CBS on Tuesday filed a $5 million countersuit against former Survivor castaway Stacey Stillman, claiming the San Francisco lawyer is guilty of breach of contract, extortion and defamation.
Stillman, the third contestant booted from last year's Survivor, sued CBS and executive producer Mark Burnett two weeks ago, essentially claiming the show was rigged. But by doing so, CBS now claims Stillman broke her confidentiality agreement with the network, which states that contestants can be held liable for $5 million in damages if they reveal inside information about the show.
CBS' suit, filed in Los Angeles County Superior Court, contends Stillman benefited enormously from the series, including appearances on a San Francisco TV station and a commercial for Survivor sponsor Reebok.
But Stillman filed suit against the network February 5, setting off a wave of national publicity that CBS claims included "defamatory and/or disparaging statements" about the show.
Stillman tells E! Online she's undeterred by CBS' lawsuit.
"They're trying to smear me however they can, and they're reaching," she said Tuesday. "They've threatened me with this before, and it's not going to deter me. I'm confident that, when this goes to court, I'll win."
In an official statement left on her answering machine, Stillman added: "I would never have come forward and invested this time and energy if I did not know for a fact that Mark Burnett manipulated my exit from the show. Knowing this, I had to come forward, and Mark's $5 million lawsuit is a blatant attempt to scare me away. I still stand by my claims, and the witnesses are ready to testify."
Stillman filed her complaint against CBS and Burnett February 5 in San Francisco County Superior Court, claiming the executive producer helped arrange her exit and "orchestrated" the show's outcome. Stillman, 28, claims Burnett convinced contestants Sean Kenniff and Dirk Been to vote her off instead of irascible 72-year-old retired Navy SEAL Rudy Boesch--presumably out of fear that the show would kick off all of its older contestants too early.
Kenniff has denied that Burnett influenced his vote, while Been told The New York Times, "Burnett himself doesn't call it reality TV. He calls it reality drama. You can take what you want from that."
CBS, meanwhile, claims Stillman also tried to extort more money from the network last August, prior to Survivor's reunion special, and again in January, when the network said she "expressly threatened to generate national publicity about her false allegations unless she was paid off."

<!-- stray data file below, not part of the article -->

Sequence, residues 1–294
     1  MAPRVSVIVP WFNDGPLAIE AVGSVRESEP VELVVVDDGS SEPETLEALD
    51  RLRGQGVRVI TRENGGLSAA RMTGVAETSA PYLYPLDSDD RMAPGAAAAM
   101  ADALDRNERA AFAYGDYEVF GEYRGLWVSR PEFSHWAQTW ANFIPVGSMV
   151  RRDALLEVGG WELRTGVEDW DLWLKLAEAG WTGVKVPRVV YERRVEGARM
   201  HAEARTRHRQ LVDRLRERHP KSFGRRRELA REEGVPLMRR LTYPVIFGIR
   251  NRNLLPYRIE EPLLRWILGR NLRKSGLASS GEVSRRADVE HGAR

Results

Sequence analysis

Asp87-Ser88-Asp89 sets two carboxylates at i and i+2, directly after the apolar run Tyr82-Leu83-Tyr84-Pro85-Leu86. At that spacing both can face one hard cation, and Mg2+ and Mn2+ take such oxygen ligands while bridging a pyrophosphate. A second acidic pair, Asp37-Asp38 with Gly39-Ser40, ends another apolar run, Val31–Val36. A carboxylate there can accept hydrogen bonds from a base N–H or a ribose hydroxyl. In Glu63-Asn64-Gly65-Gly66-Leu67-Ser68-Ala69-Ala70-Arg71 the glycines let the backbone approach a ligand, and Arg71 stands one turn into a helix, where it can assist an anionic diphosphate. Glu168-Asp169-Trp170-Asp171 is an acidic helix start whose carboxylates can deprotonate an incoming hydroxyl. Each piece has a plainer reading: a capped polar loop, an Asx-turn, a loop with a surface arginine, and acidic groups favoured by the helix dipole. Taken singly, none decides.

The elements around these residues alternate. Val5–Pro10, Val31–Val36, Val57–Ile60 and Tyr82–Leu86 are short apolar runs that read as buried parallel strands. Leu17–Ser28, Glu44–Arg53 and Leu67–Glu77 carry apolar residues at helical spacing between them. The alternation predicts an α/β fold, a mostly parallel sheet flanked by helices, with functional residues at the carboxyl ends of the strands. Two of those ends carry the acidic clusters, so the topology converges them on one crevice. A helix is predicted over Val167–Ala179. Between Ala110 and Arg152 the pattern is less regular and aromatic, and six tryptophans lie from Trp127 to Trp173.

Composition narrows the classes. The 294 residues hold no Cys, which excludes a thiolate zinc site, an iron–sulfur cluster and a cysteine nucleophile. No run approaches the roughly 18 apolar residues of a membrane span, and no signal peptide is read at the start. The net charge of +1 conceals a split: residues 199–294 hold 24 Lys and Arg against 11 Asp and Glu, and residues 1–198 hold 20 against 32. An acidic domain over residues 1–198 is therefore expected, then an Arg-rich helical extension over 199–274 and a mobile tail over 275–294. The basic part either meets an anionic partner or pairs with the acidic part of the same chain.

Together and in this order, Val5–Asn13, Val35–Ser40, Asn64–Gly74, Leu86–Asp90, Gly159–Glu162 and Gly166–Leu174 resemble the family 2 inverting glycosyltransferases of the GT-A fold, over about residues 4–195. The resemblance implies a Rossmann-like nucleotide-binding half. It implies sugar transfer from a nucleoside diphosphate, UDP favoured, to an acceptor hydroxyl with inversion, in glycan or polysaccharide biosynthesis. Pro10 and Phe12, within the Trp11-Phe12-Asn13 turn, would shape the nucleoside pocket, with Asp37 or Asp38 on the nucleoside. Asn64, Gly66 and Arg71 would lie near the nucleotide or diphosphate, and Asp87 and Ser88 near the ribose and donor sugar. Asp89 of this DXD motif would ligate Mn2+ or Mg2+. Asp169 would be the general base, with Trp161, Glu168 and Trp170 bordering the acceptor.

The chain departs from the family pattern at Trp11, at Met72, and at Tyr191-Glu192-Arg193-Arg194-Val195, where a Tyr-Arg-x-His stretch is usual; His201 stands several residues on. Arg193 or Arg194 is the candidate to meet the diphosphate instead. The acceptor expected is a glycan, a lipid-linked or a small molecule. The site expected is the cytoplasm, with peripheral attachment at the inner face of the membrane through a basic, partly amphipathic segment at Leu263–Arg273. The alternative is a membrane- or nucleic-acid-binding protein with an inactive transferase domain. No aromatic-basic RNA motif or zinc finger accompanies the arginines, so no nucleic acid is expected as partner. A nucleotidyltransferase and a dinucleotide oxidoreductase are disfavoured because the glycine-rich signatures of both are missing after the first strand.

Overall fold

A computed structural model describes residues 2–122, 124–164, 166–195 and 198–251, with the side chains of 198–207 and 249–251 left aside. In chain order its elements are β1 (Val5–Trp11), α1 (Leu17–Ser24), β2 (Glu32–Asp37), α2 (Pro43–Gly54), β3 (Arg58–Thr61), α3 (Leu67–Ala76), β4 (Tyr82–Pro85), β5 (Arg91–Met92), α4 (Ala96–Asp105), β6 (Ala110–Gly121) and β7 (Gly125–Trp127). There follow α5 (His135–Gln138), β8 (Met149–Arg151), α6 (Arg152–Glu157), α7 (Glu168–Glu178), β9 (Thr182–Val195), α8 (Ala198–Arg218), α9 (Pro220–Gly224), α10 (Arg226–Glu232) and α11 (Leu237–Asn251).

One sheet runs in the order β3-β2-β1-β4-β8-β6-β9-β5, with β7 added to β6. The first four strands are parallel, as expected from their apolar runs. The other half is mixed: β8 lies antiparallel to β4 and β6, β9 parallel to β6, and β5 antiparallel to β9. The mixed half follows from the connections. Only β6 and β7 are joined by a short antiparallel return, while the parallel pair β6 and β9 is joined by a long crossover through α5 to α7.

Network sources claimed Stillman asked for a $5 million settlement. According to CBS' suit, Stillman "specifically threatened [the show] and others that she would broadly publicize her false accusations...unless she was given millions of dollars and/or other benefits far beyond what she ever could have received even if she had been the grand prize winner on Survivor."
Last summer, Stillman tried to organize her fellow castaways into asking for more money from CBS when it planned a live reunion show following the Survivor finale. CBS claims that, in an email to tribemates, Stillman wrote, "What are you thinking in terms of how much to extort? I'm thinking one-third of the ad revenue from the town hall show plus a party afterwards plus travel and accommodations for one guest for each of us?"
Allegations of potential tribe tampering--and Stacey's own efforts to rally the troops for more money--first surfaced in The Stingray, an unauthorized book about the show by Survivor sleuth and L.A.-based author Peter Lance.
Lance's book portrays Stillman's efforts as an attempt to get her fellow castaways some of the revenue being made from the reunion special. "I figured, let's take one of those $12 million [in ad revenue] and divide it up 16 ways," she reportedly told Lance.
Stillman would not comment on Lance's book, but she denies she's guilty of extortion as CBS claims.
"[CBS] was anti-unionization from the start," says Stillman. "They advertised the 16 of us at a reunion show before they even asked us. So a group of us decided to ask for some money...and in a joking email I used the word 'extort,' now they're trying to turn it around.
"If they want to talk about frivolous lawsuits," she added, "they can look to themselves."